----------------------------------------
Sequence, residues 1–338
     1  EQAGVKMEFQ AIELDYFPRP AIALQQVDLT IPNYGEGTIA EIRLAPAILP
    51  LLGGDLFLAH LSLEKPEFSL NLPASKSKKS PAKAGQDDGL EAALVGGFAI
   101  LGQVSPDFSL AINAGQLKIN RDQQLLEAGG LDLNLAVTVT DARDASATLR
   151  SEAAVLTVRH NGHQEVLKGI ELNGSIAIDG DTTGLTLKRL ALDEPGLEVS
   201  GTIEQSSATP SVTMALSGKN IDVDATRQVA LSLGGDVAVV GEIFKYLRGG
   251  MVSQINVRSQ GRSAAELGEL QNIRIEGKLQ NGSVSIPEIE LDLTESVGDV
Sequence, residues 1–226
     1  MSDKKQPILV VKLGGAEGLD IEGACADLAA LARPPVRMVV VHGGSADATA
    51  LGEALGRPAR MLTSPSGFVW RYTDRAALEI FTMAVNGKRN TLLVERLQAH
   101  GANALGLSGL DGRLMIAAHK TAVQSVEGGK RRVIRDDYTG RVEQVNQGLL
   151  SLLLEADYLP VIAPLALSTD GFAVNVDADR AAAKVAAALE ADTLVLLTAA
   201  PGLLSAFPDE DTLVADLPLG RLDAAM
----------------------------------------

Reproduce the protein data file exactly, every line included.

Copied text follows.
Sequence, residues 1–338
     1  EQAGVKMEFQ AIELDYFPRP AIALQQVDLT IPNYGEGTIA EIRLAPAILP
    51  LLGGDLFLAH LSLEKPEFSL NLPASKSKKS PAKAGQDDGL EAALVGGFAI
   101  LGQVSPDFSL AINAGQLKIN RDQQLLEAGG LDLNLAVTVT DARDASATLR
   151  SEAAVLTVRH NGHQEVLKGI ELNGSIAIDG DTTGLTLKRL ALDEPGLEVS
   201  GTIEQSSATP SVTMALSGKN IDVDATRQVA LSLGGDVAVV GEIFKYLRGG
   251  MVSQINVRSQ GRSAAELGEL QNIRIEGKLQ NGSVSIPEIE LDLTESVGDV
Sequence, residues 1–226
     1  MSDKKQPILV VKLGGAEGLD IEGACADLAA LARPPVRMVV VHGGSADATA
    51  LGEALGRPAR MLTSPSGFVW RYTDRAALEI FTMAVNGKRN TLLVERLQAH
   101  GANALGLSGL DGRLMIAAHK TAVQSVEGGK RRVIRDDYTG RVEQVNQGLL
   151  SLLLEADYLP VIAPLALSTD GFAVNVDADR AAAKVAAALE ADTLVLLTAA
   201  PGLLSAFPDE DTLVADLPLG RLDAAM